BBC Autos

Magnum MK5: Canada’s new track weapon

Four-hundred sixty horsepower per tonne. Zero to 62mph in 3.2 seconds. A top speed of 150mph and over 2g of lateral cornering force. Enough fastness, then, to outpace even the sprightliest grizzly bear. Meet Canada's latest track-day lightweight, the Magnum MK5.

It's made by a man named Bruno, whose father Jean-Pierre built Magnum's first formula racer in the late 1960s. This MK5, then, has been a long time coming. It's built for the track but is actually street-legal, much like our favourite lung-crusher, the BAC Mono. Size-wise, think a slightly swollen Lotus Elise.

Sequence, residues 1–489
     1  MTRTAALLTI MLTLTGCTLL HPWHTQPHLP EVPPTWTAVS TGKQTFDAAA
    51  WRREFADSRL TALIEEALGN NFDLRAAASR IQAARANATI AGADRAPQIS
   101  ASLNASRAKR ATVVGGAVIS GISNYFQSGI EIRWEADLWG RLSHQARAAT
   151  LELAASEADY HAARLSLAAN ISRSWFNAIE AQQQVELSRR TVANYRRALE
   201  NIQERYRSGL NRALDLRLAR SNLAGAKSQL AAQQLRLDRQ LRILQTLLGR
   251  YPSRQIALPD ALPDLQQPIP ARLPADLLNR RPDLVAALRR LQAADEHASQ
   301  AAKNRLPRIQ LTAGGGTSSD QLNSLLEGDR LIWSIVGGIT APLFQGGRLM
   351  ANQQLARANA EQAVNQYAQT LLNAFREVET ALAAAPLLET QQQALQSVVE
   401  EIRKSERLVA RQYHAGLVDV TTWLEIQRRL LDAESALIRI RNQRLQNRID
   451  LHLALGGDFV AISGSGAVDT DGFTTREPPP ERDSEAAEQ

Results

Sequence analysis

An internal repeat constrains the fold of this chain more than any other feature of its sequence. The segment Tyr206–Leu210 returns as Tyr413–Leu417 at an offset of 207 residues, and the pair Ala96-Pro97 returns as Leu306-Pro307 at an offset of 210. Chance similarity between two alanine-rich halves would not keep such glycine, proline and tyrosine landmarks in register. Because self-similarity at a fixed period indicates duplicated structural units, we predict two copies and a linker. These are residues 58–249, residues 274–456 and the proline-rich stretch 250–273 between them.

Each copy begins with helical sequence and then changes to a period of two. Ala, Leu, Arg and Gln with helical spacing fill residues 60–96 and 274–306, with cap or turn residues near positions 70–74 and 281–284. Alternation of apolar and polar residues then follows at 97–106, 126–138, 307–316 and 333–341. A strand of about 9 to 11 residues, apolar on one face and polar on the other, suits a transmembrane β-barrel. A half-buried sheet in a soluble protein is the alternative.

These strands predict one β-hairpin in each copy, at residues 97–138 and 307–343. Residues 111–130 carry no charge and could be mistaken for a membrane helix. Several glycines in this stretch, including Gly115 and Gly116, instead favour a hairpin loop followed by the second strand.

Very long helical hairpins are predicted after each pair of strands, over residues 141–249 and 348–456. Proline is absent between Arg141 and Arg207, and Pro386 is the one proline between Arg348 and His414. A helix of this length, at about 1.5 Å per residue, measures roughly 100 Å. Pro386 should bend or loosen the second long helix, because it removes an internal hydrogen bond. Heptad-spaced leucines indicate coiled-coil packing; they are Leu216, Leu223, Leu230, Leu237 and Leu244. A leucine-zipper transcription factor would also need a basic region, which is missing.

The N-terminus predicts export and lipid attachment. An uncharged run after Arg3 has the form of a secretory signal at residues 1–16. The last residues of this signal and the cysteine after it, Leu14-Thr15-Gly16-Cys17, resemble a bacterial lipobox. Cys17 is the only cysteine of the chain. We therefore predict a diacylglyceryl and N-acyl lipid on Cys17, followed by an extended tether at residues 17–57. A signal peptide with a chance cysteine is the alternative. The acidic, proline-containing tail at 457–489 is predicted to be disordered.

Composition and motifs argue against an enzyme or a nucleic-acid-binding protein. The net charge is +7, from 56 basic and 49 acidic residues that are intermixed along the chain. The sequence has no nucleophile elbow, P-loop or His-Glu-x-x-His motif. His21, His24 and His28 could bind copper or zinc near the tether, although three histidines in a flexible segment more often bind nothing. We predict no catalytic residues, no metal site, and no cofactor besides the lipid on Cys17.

The Magnum MK5 features a mid-mounted 250bhp four-cylinder engine that revs to a dizzy 11,000rpm – that'll be a bike engine, then – that feeds the rear wheels through a six-speed sequential gearbox activated by a centre-mounted shifter. There's also a limited slip differential and F1-style pushrod suspension with two-way adjustable dampers front and rear. 

A weight of just 545kg (1,202lbs) results in that healthy power-to-weight ratio, and reduces the strain on those four-piston calipers and ventilated discs – complete with a custom pedal box and cockpit-adjustable brake bias, hidden under 18in lightweight alloys.

There's functional aero on the carbon fibre composite bodywork, while inside you get racing carbon fibre seats, six-point harnesses and a suede-wrapped steering wheel with GPS with mounted lap-timer. Serious stuff.

Prices start at $139,000 excluding taxes and deliver. That's a lot more than an Ariel Atom but a lot less than a BAC Mono.

A version of this story originally appeared on TopGear.com.